Abdullah Gul, the Turkish president, is also on the prosecutor's list.
Erdogan told The Hurriyet, a Turkish daily newspaper: "The Turkish Republic is our firmament.
"The column that supports it is union and unity; if it collapses, we will all be trapped underneath," he said.
The case highlights the political rift between Turkey's secularist circles, mostly active in the judiciary, military and academia, and the ruling party, whose many members are devout Muslims with ties to the country's Islamist movement.
The court sitting came shortly before bomb blasts that rocked Istanbul late on Sunday evening, that left at least 11 civilians dead and 70 wounded.
The ruling party and the secularist opposition were locked last year in a dispute over who should be Turkey's president, a largely symbolic post. However, the AKP won that round by easily winning a quick election.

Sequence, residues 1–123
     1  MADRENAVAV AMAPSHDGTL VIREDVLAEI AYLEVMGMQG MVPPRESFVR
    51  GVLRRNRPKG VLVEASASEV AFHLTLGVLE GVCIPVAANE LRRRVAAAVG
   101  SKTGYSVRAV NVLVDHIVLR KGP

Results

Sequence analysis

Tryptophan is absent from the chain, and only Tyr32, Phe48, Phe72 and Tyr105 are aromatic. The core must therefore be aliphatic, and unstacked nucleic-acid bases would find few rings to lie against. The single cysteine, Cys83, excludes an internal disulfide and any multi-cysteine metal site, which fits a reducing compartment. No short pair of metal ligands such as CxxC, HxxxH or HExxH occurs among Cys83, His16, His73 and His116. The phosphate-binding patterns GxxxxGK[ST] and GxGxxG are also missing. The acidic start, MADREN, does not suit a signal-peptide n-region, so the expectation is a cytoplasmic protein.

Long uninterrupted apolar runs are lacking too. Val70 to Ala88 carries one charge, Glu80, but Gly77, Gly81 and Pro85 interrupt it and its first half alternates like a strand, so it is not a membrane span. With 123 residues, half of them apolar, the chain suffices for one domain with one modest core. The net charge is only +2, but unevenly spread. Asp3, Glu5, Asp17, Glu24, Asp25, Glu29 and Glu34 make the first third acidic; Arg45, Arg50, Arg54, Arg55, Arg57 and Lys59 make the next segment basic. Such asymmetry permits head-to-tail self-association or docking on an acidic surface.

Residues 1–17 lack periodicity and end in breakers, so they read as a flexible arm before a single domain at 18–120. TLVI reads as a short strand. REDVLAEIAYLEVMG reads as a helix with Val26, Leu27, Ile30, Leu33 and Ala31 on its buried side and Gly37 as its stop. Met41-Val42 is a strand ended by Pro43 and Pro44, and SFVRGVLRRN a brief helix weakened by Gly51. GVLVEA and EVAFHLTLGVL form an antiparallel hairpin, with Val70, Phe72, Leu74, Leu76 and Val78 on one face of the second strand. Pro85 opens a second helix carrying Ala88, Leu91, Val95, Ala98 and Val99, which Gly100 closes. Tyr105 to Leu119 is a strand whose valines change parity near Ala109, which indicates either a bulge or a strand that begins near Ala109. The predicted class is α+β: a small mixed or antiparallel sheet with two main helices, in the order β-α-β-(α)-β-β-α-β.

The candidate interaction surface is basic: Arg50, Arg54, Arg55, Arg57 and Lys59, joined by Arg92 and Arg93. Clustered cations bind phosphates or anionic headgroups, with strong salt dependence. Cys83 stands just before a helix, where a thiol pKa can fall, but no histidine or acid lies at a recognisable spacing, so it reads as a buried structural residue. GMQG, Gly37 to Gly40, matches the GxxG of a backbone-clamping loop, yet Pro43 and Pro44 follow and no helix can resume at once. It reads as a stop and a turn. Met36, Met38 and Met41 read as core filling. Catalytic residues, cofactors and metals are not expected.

The party later attempted to lift a decades-old ban on the wearing of head scarves at universities, but the top court overturned the bill, saying it was anti-secularist.
Dozen parties banned
Abdurrahman Yalcinkaya, the chief prosecutor, cites the head scarf bill as proof that the government is trying to scrap secularist principles enshrined in the constitution.
The court has banned two dozen political parties since it was established in 1963.
Now, with the highest court convening to look exclusively into the case until a decision is made, the fate of the party could be sealed as early as this week.
Observers say outlawing the party could plunge Turkey into political chaos, impact membership talks with the European Union and hit the economy at a time of global financial jitters and rising energy prices.
Shutting down the ruling party could force quick elections and unsettle markets as well as damage ties with the European Union.